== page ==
Although it didn't technically qualify for aid, carmaker Lamborghini has benefitted from the Paycheck Protection Program (PPP), the federal government's $670 billion effort to save distressed small businesses during the COVID-19 pandemic.
Within days of receiving $1.6 million in PPP loans for his construction and logistics businesses, Lee Price III of Houston bought himself a 2019 Lamborghini Urus for $233,337, plus a $14,000 Rolex watch and close to $5,000 worth of entertainment at a strip club and various bars around town. In early August, the Department of Justice (DOJ) filed fraud charges against Price for allegedly filing applications with banks claiming fictitious payroll expenses in order to qualify for a PPP loan.
His scheme was audacious but hardly original. The DOJ had already brought similar fraud charges against Miami man David T. Hines, who had allegedly spent his ill-gotten PPP loans on a new $318,000 Lamborghini Huracán EVO.
These purchases, needless to say, were not what Congress had in mind when it created the PPP as part of its $2.2 trillion Coronavirus Aid, Recovery, and Economic Stability (CARES) Act in March. The program was supposed to keep small businesses afloat by offering them loans that would be forgiven on the condition that most of the money was spent retaining staff.
While the program has been a lifeline for many businesses that were forcibly closed by stay-at-home orders (and have since had to contend with anemic demand and extensive social distancing regulations), PPP loans seemingly went to a lot of people who didn't need them quite as badly. Loan recipients include companies founded by members of Congress and prominent D.C. lobbying firms. Presidential adviser Jared Kushner's family businesses, including their media and real estate concerns, received PPP loans, as did the clothing brand of rapper and aspiring president Kanye West.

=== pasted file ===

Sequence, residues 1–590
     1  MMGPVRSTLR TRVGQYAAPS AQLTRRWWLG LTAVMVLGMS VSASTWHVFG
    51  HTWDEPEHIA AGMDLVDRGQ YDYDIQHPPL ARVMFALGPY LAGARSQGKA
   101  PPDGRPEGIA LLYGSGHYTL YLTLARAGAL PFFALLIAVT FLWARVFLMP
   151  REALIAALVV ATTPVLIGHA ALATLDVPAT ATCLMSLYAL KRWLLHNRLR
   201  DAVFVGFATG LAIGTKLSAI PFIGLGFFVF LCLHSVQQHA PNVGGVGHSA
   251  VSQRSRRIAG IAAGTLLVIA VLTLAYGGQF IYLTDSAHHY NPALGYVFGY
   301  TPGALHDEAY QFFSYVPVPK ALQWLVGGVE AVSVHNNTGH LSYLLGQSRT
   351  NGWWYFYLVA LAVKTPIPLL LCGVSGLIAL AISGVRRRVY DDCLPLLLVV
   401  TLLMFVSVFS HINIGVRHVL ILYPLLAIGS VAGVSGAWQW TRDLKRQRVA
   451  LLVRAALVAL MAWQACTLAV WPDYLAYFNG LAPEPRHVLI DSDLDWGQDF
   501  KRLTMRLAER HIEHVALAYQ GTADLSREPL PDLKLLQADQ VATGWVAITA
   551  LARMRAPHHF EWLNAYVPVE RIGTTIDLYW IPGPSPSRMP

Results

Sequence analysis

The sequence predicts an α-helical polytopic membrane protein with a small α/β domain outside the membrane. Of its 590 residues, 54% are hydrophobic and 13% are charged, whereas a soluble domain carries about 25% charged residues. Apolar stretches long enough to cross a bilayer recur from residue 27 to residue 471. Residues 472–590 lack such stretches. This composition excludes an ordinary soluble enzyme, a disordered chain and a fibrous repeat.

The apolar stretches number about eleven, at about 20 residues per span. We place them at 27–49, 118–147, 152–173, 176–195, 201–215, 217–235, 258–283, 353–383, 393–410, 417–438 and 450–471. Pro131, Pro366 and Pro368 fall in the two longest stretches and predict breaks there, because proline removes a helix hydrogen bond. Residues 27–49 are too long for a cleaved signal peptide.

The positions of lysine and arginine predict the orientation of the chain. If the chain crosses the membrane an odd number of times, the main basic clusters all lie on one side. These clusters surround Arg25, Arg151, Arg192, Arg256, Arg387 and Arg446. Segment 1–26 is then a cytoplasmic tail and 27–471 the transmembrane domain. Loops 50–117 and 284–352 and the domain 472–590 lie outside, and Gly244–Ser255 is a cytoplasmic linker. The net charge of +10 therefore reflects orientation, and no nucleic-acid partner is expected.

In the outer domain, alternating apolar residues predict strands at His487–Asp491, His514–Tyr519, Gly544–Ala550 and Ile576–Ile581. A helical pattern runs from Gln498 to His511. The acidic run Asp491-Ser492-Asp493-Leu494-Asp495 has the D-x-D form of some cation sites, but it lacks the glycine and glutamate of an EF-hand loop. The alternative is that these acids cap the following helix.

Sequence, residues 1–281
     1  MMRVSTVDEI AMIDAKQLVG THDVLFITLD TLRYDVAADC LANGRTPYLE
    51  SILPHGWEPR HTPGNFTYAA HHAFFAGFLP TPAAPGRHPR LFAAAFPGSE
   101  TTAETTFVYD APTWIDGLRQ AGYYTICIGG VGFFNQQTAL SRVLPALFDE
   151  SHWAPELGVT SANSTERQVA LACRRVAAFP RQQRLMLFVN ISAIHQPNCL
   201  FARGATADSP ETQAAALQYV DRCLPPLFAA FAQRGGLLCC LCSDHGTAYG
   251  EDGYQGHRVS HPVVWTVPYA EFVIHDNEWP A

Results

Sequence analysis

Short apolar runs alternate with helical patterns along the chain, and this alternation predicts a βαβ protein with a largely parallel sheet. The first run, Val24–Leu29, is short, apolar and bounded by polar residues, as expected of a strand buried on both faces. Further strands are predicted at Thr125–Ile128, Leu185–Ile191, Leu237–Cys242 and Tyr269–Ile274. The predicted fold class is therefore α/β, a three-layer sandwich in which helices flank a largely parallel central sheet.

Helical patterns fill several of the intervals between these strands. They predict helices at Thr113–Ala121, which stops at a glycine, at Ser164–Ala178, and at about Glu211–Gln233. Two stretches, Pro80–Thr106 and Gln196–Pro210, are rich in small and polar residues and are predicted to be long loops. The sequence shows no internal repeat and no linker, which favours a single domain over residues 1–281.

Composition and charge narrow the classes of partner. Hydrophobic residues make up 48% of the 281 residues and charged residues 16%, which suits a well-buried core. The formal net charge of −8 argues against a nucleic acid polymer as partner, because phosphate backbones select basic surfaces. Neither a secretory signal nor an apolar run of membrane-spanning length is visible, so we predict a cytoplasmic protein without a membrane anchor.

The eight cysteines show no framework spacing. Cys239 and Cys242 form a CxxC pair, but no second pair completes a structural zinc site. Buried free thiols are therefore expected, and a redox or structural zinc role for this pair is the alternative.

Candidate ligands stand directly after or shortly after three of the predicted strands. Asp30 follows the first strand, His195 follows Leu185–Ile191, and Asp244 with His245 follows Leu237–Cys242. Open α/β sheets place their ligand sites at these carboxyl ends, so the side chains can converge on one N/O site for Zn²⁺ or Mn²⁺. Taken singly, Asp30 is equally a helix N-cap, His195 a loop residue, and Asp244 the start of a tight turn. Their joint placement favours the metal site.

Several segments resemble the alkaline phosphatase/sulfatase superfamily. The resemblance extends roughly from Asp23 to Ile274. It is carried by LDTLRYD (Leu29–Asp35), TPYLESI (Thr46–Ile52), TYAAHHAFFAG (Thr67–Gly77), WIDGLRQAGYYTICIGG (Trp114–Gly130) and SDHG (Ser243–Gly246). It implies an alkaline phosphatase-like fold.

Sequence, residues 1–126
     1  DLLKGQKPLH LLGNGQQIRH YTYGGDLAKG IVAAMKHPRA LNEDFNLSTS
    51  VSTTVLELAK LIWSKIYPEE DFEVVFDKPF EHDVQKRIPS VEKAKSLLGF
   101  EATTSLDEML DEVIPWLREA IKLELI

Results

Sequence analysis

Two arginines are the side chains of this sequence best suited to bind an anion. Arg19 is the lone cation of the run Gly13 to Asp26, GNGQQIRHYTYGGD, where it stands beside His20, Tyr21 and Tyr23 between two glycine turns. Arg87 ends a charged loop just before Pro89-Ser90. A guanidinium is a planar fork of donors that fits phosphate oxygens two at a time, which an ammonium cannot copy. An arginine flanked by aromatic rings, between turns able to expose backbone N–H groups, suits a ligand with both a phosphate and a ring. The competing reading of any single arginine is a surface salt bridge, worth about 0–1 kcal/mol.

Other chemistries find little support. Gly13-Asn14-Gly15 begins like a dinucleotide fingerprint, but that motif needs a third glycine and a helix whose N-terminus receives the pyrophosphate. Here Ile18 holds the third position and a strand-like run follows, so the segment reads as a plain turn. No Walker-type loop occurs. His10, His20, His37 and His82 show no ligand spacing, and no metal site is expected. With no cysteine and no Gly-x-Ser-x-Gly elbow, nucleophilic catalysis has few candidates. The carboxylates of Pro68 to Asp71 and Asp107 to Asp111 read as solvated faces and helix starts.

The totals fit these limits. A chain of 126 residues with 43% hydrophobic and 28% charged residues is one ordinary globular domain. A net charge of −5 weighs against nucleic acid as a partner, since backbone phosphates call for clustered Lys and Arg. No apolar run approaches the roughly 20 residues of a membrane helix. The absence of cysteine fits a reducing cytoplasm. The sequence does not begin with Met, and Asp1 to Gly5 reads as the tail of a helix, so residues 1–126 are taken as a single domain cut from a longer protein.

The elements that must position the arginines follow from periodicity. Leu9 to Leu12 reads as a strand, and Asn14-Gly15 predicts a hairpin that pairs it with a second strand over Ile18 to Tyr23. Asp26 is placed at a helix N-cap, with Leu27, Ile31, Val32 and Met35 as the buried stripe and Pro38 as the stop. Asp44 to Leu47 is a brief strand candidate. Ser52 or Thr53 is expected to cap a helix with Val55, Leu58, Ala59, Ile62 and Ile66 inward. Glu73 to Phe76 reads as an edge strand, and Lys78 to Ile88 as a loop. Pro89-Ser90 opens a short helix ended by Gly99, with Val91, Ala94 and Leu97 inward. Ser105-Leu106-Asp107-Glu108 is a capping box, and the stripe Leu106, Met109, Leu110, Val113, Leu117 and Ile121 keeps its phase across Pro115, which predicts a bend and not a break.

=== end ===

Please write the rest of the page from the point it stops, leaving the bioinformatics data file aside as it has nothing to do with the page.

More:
Early on, the PPP was criticized for being too prescriptive about how businesses should spend the money they received. Congress addressed those concerns with a subsequent bill giving recipients a little more flexibility.
But there was seemingly little it could or would do to prevent taxpayer dollars from being used to make personal purchases of luxury goods. With the DOJ announcing new fraud charges against alleged PPP hucksters almost every week, there's a lesson here about the tradeoffs inherent to doling out federal relief funds: Making sure money goes only to the truly needy requires rules and red tape that ultimately slow down the process; doling out money too quickly means it might end up paying for bottle service.
The federal government somehow managed to provide relief at a snail's pace to people who didn't need it.